• Brandminds 2020

Marina Abramović:
50 years of making history
in performance art

Marina Abramović has been making history in performance art for the past 50 years. She is one of the most important performance artists in the world. Her works are intense and thought-provoking.

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Marina Abramovic (source: hbr.org)

Performance art is an artwork or art exhibition created through actions executed by the artist or other participants.

Marina is best known for employing her own body as both the subject and the medium. Her work explores the relationship between performer and audience, the limits of the body, and the possibilities of the mind.

She was awarded the Golden Lion for Best Artist at the 1997 Venice Biennale and in 2008, she was decorated with the Austrian Commander Cross for her contribution to art history.

Before I explore two of her most famous works, Rhythm 0 (1974) and The Artist is Present (2010), let’s see how Marina’s story began.

Marina Abramović: “It’s not about the body; it’s about the mind”

Marina held her first exhibition when she was 12. Her artwork was primarily paintings of her dreams.

Looking for something different, she became interested in painting car accidents. The young Marina would take a toy car, place it on the highway and wait for a big truck to smash the toy car. When that didn’t happen, Marina would return to her studio and paint the accident. But in her artistic vision, the toy car is the size of a big truck and is smashing the miniature truck as if to illustrate “the idea of the victory of innocence which you can’t actually destroy.”

One day, laying in the grass and looking up at the clear blue sky she saw twelve supersonic military aircrafts flying over with a loud boom. The planes flew by incredibly fast but despite that, they left a white drawing in the sky which slowly disappeared a few seconds later.

This was the moment when Marina had a spiritual revelation. She realized that she would never need a studio again because she could create art with everything the world provided. Fire, water, air and other elements replaced the brush, the paint and the canvas. She went to the military base near her hometown in Serbia and asked for twelve airplanes that she would use for her art. She was understandably refused and escorted out of the base.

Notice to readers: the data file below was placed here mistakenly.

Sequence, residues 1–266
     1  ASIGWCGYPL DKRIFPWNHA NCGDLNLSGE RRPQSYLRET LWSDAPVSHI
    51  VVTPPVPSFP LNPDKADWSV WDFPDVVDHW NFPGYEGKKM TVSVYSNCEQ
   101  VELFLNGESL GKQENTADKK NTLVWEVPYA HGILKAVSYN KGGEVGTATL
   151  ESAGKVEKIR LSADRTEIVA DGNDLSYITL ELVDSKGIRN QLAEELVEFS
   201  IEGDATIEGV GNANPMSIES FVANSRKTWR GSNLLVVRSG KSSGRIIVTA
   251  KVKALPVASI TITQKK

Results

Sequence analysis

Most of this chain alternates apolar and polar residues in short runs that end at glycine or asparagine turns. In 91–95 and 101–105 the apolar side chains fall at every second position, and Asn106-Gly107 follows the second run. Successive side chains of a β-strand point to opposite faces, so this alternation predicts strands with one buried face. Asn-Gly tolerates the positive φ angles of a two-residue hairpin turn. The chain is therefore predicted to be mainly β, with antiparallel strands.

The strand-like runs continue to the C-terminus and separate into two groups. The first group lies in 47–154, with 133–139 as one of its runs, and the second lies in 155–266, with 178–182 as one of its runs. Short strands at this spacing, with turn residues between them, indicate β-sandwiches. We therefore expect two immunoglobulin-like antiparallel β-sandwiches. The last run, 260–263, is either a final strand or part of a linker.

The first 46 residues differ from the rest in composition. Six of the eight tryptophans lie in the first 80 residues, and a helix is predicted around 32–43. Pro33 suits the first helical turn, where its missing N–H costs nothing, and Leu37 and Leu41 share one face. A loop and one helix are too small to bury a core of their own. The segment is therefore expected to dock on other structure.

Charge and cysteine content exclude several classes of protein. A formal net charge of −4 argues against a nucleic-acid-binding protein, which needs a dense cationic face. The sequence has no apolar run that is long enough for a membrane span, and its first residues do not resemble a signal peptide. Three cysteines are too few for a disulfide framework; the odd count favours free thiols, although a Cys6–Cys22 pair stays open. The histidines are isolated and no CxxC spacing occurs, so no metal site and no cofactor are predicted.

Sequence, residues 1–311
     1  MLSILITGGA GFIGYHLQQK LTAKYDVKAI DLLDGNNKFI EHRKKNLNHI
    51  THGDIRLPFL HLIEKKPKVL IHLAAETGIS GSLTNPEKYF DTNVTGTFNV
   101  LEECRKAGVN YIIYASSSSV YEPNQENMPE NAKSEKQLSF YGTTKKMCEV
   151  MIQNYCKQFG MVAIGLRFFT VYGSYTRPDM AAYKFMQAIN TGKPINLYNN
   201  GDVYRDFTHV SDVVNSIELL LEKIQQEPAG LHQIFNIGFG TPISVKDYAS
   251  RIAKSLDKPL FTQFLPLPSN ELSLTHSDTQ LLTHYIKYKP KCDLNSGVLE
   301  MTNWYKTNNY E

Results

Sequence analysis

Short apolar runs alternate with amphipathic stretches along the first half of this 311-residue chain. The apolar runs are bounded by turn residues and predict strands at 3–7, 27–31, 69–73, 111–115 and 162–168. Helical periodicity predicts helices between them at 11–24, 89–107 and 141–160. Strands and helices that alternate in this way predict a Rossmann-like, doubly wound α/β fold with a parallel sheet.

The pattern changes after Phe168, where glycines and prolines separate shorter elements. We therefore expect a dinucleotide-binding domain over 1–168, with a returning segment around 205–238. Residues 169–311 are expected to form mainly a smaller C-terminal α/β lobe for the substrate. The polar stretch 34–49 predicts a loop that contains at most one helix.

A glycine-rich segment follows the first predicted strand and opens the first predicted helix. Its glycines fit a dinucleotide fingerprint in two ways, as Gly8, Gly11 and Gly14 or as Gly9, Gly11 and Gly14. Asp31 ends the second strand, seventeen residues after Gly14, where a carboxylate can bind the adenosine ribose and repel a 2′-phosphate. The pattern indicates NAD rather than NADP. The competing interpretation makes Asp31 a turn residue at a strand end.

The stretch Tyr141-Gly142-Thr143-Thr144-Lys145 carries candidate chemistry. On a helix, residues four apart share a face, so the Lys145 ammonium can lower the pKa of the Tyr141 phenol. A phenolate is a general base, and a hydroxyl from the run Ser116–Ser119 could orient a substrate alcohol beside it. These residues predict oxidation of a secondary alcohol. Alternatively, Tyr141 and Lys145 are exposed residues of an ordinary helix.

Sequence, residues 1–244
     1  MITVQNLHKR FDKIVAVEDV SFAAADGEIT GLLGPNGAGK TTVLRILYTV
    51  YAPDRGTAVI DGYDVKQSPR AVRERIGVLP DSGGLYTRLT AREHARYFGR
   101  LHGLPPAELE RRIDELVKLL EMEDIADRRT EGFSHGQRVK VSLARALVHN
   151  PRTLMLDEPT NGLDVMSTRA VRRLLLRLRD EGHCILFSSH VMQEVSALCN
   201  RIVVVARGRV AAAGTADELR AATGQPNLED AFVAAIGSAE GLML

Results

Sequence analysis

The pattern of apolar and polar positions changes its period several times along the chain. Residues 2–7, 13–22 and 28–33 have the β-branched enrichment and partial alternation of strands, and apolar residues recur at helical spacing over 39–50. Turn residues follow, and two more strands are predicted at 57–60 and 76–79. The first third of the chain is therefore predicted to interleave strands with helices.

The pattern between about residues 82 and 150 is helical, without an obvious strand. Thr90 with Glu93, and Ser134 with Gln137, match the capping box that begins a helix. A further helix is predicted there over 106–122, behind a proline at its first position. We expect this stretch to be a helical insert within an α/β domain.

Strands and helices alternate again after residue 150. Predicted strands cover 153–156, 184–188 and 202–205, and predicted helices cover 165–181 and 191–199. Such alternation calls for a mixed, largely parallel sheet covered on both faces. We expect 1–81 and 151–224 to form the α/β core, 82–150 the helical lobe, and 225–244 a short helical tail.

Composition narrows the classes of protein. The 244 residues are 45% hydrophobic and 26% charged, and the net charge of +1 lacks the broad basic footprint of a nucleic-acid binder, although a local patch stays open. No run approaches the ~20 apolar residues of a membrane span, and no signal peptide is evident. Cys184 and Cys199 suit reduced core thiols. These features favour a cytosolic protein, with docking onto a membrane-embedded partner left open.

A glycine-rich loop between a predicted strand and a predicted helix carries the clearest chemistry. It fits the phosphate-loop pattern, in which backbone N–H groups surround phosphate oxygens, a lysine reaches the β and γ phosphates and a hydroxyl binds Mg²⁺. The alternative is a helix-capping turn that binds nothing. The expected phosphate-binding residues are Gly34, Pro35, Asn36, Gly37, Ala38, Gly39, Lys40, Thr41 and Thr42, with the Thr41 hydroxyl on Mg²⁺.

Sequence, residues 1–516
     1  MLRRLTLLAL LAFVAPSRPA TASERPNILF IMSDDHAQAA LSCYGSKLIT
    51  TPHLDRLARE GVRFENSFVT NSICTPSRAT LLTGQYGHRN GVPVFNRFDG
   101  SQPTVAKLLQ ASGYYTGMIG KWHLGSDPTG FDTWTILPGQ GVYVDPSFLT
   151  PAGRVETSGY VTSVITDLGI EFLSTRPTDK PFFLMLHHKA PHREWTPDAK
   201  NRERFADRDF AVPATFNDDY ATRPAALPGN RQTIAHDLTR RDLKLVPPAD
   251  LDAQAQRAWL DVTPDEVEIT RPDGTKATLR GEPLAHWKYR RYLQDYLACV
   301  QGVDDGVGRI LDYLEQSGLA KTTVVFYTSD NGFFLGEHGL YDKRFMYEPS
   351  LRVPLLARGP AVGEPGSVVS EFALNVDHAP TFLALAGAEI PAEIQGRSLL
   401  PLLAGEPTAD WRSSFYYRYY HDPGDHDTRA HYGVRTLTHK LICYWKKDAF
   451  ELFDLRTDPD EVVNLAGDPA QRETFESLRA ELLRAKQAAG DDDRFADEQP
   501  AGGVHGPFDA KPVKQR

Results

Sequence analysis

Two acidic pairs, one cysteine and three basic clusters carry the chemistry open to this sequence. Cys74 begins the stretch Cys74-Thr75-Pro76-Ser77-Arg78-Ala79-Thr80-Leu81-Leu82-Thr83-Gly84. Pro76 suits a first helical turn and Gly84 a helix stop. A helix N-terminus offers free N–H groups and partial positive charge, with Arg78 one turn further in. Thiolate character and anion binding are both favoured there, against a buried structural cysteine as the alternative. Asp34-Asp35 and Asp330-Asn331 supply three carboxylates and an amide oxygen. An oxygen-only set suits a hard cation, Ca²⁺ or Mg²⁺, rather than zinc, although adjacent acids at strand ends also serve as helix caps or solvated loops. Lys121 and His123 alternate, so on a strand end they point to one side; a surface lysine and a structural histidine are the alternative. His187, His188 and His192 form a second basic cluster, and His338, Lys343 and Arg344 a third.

When she first put her body in front of the audience, she understood that this was her medium. She became a performance artist.

Her main interest was to know how far she could push the energy of the body, how far she could go.

She soon came to the realization that the energy is limitless because it’s not about the body, but the mind. Our mind can push us to extremes we could never have imagined.

Marina Abramović’s most famous performance art is Rhythm 0 (1974)

If you wonder how far the audience can go if the performance artist doesn’t react, the answer lays in Marina Abramović’s Rhythm 0.

Performed in 1974, in Naples, Italy, Rhythm 0 is an experiment.

The experiment consisted of Marina standing still for six hours. Next to her were 72 objects on a table and a note saying that she was an object too and that the visitors could do whatever they wanted since she was taking all responsibility for six hours. The visitors risked nothing, but she risked everything, including her life. The objects the visitors were invited to use on her were mostly harmless (a rose, feather, perfume, honey, bread, grapes, wine) but there were some very dangerous things like scissors, a scalpel, nails, a metal bar and a gun loaded with one bullet.

What was the audience about? What were the visitors going to do in this situation? They were also part of the performance.

How they reacted provides us with a bleak and stark insight into human psychology and morality.

Read what Thomas McEvilley, a distinguished art critic who was present at the experiment, wrote at the time: